It is the time of year when my kitchen smells of citrus fruit and my hands smart from the juicing, zesting and chopping of Seville orange peel, yes it’s marmalade making season. With a new baby I must confess that marmalade making has taken a little longer to complete this year, with peel chopped in-between feeding times, cries and general mummy duties.


All across Britain home cooks and chefs alike are cooking up batches of the bitter-sweet preserve that has come to be an essential part of the quintessential British breakfast, the preserve is marmalade. Whilst it’s future was once in jeopardy with marmalade sales dropping in favour of spreads such as Marmite, but artisan marmalade making is on the rise and as quality marmalades have been increasing so has its appearance on British breakfast tables.

IMG_0127[1]It’s not just because it is Seville orange season that there is a flurry of peel chopping taking place, but because the deadline for entries to The World’s Original Marmalade Awards is looming. The awards were founded to expand and champion the production of marmalade,  the Awards have certainly been a great success for over a decade and attract thousands of entries each year.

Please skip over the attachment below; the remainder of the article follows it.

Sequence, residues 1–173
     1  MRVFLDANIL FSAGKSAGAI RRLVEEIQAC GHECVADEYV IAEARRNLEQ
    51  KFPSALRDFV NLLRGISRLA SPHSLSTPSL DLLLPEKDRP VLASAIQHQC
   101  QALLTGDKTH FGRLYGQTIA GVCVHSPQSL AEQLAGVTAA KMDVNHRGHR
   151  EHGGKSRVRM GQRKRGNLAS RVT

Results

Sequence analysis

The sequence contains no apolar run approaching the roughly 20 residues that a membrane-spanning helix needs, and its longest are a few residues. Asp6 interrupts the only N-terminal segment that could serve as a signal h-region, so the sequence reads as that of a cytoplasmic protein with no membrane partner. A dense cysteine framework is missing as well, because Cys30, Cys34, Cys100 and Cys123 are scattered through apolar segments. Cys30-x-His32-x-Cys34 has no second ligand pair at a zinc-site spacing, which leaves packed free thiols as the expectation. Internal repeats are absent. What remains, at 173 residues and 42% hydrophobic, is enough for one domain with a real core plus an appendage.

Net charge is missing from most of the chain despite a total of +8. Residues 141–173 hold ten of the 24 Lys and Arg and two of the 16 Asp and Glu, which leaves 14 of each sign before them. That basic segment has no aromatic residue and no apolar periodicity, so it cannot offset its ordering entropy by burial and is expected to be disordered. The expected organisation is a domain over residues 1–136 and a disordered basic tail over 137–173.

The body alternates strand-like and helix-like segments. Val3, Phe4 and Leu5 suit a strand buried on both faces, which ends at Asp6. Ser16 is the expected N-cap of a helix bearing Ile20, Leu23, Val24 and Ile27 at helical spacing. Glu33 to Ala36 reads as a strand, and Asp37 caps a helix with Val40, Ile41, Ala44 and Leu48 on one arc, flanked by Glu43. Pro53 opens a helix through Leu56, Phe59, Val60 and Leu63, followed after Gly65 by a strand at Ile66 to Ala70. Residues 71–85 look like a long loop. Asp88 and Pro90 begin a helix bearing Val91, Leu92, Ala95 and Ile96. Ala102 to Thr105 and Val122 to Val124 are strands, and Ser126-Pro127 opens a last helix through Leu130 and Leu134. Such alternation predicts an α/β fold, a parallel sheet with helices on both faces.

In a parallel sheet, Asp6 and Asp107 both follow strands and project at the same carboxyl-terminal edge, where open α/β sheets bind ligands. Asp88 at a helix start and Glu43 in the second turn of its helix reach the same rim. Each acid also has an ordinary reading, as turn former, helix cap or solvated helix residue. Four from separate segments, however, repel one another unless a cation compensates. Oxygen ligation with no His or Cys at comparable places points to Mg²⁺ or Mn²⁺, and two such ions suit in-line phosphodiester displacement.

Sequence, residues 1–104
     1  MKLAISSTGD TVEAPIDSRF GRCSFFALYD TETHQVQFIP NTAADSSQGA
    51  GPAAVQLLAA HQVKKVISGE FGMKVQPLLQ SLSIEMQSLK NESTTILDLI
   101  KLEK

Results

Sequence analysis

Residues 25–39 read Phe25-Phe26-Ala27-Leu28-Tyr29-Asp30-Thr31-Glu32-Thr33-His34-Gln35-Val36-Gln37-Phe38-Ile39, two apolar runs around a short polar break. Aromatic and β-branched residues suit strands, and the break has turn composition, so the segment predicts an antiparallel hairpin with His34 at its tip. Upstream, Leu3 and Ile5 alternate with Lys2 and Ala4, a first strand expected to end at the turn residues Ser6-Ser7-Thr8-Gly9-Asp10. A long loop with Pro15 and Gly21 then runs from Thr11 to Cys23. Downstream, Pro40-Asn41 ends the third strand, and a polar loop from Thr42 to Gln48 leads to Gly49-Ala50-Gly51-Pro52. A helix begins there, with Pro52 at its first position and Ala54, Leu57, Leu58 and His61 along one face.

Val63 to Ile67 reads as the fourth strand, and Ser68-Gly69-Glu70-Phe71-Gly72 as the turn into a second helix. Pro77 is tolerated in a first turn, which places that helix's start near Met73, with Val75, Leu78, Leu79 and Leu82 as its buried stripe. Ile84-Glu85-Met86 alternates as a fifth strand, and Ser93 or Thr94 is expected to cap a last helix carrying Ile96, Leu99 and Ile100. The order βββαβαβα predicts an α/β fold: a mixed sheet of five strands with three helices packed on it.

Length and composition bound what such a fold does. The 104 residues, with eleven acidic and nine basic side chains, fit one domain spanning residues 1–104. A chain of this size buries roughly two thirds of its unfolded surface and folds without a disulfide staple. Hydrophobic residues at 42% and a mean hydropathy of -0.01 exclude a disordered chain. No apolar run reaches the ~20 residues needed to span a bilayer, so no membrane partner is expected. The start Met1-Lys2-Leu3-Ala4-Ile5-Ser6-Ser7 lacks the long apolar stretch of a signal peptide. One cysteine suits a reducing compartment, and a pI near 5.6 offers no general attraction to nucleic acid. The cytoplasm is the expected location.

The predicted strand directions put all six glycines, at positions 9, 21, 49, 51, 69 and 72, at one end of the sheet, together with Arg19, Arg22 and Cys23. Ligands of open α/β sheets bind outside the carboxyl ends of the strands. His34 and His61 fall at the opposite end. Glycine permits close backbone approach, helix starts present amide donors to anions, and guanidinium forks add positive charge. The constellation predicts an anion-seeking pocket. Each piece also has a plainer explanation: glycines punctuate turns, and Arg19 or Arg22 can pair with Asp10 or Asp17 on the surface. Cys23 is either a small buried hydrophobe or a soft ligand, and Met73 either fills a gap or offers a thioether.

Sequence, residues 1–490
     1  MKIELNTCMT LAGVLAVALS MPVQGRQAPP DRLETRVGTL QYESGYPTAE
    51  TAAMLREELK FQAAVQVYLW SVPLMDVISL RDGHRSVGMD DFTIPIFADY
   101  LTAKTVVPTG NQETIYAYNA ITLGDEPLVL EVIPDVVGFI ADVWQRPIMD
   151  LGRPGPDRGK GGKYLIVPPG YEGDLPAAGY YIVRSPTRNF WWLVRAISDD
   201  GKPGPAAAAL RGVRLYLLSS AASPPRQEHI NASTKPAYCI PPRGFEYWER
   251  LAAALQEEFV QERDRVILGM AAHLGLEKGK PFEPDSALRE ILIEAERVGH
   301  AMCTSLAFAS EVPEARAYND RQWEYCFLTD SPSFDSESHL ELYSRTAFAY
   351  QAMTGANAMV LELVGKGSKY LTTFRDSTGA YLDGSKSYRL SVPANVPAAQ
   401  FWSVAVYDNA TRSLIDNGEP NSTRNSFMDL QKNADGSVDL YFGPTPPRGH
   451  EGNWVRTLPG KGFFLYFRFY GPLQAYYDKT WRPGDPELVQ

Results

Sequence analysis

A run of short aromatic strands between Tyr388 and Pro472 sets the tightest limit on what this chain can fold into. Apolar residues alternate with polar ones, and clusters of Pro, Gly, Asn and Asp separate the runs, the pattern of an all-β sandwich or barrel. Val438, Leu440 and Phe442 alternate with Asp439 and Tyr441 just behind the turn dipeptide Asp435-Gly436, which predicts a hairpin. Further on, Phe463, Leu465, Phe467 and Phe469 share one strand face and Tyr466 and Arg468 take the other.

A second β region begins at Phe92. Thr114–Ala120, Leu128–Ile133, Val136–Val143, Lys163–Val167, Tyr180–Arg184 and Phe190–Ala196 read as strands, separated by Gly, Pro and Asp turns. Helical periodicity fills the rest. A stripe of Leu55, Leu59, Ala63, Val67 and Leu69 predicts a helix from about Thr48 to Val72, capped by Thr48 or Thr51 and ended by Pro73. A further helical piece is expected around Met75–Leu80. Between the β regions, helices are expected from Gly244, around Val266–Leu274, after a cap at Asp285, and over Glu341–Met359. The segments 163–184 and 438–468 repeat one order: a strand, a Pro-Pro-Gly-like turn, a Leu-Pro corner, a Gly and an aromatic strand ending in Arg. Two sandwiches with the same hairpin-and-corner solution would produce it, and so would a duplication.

Last year I didn’t manage to submit any entries for the Great British Marmalade Awards as my other work commitments were just so great, so this year I thought I’d make up for the lost year and enter all sorts of unusual combinations as well as my standard and well loved recipes. I’ve spent days leaning over a bubbling preserving pan, creating everything from gin and lime marmalade, to honey brandy and Seville marmalade jelly and even an extra special one that uses oak-leaf liqueur. I’ll certainly be letting you know how my entries fair and for the first time ever I shall be attending the awards so hopefully I can get some inspiration for next years entries, although my real motive for attending is just to get a photograph with Paddington Bear!